It was only because of your unusually complete description of the problem that it would be diagnosed so quickly.

    Without know for sure what an IFDIA is I will continue. Would you please describe the IFDIA -especially the output signal level and the impedance? Also what is the quiescent output voltage (when there is no excitation)?

    If the power supply midpoint is not buffered, then adding a buffer to the output would probably prevent any undesired cross talk between the (virtual) ground currents from the filter stages (those from both occurrences of C2) and the reference input of the IFDIA.

    Can the circuit that your filter is driving operating with the filter's output referenced to half the power supply level, or would it be better to make a negative power supply?

    One guess is that the glitch was the result of the input voltage swinging far enough from its V- terminal for the opamp to operate with only a positive power supply. Many opamps cannot operate with their opamps at or below the negative power supply pin and many cannot swing their outputs all the way to the power supply rails, so the glitch was the opamp suddenly starting to work.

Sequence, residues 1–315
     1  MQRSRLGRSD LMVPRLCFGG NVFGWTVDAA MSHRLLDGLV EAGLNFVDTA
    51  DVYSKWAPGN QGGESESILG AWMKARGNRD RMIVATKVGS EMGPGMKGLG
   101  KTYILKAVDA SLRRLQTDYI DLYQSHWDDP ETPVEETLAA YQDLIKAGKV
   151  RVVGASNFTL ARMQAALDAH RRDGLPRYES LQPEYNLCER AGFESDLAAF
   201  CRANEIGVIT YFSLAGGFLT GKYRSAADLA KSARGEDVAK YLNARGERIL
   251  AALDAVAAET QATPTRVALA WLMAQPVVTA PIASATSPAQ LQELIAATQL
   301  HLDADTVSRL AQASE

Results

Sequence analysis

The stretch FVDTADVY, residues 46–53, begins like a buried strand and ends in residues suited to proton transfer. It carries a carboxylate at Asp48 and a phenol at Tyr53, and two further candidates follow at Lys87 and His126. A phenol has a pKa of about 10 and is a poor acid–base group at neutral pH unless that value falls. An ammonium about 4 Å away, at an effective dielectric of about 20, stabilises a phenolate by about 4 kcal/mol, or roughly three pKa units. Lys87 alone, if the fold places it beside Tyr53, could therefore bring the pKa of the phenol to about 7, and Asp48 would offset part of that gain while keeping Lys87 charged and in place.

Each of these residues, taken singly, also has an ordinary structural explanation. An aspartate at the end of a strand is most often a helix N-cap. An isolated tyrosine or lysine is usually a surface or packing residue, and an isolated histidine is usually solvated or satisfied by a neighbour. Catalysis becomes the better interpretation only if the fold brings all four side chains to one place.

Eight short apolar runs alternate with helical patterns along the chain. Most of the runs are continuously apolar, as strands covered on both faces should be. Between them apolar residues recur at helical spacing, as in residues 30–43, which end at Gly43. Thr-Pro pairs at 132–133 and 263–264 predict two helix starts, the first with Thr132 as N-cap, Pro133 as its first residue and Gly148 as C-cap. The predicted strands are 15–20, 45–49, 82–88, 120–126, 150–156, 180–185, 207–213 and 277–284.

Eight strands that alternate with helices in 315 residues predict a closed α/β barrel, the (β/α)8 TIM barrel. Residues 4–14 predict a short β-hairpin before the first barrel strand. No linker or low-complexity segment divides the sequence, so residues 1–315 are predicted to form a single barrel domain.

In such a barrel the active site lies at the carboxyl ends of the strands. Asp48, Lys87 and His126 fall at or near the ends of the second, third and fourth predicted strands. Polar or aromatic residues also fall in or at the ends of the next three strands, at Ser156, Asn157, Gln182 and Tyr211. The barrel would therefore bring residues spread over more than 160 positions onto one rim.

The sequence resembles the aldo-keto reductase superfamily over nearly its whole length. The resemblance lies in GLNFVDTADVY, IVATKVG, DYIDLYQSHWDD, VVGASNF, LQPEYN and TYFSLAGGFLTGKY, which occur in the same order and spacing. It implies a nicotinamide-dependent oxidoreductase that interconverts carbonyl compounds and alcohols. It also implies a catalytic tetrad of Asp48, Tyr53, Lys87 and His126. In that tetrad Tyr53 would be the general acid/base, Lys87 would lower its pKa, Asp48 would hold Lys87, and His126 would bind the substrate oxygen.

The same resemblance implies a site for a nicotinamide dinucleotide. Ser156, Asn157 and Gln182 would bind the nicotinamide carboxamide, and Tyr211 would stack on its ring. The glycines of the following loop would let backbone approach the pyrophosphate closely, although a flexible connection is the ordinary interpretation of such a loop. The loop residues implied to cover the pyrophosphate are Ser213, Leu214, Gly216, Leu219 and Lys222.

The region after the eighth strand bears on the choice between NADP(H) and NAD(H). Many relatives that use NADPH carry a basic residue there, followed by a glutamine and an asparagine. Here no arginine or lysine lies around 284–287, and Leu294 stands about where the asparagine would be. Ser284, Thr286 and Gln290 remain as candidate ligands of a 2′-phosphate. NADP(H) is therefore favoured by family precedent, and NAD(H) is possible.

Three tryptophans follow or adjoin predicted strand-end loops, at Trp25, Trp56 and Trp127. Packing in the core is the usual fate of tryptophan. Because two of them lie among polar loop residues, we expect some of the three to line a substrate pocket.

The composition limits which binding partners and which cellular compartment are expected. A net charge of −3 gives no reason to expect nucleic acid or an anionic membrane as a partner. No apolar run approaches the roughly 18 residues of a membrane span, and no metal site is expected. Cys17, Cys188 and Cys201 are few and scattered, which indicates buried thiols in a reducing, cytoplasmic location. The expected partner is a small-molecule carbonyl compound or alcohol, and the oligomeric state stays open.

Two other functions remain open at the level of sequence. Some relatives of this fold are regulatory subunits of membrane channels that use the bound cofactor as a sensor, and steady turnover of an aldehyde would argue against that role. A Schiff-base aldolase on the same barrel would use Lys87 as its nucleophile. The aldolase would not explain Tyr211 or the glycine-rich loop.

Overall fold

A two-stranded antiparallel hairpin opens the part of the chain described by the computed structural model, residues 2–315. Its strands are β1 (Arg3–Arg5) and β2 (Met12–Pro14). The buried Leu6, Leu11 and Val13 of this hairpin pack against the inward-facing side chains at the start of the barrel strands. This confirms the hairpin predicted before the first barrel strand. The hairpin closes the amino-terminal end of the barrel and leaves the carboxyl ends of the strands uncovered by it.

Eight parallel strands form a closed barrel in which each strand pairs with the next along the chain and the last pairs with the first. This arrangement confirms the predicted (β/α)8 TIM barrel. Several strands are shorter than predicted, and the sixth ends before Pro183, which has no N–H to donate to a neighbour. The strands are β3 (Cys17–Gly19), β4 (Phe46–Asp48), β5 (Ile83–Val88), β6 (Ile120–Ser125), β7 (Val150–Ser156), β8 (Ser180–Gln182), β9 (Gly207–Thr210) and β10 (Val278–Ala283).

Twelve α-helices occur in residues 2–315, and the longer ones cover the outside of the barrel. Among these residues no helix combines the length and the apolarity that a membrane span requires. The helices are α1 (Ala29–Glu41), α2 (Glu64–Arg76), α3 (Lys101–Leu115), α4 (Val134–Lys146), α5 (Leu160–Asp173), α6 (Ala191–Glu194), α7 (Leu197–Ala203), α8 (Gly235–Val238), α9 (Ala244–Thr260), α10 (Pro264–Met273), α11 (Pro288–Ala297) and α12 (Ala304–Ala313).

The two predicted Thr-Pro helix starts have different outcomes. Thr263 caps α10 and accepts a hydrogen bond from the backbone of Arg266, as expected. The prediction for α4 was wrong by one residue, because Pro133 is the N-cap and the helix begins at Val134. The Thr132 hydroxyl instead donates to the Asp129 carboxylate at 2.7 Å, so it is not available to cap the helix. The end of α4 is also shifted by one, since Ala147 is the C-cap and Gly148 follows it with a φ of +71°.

5. Abbas_BrainAlive

    Thread Starter Member

    Feb 21, 2018
    87
    6
    Integrated, Fully-Differential Instrumentation-Amplifier.

    I don't think this would work, as the reference and the output(s) are electrically connected in an In-Amp.

    I suppose both are the same things, electrical/electronic machines/devices work due to the electrical potential of one point with respect to the other point, positive and negative are just symbols to ease our understanding of things. The ground is the negative supply for the mid-point, isn't it so?

    If that would have been the case, we should have observed a chopped or clamped output, but there is no chopping or clamping, but just a single, repeated glitch/spike.

    With best regards,
    Abbas.
     
  6. DickCappels

    Moderator

    Aug 21, 2008
    5,481
    1,706
    I am not getting the "picture". Would you please post the instrumentation amplifier circuit and describe its input signal.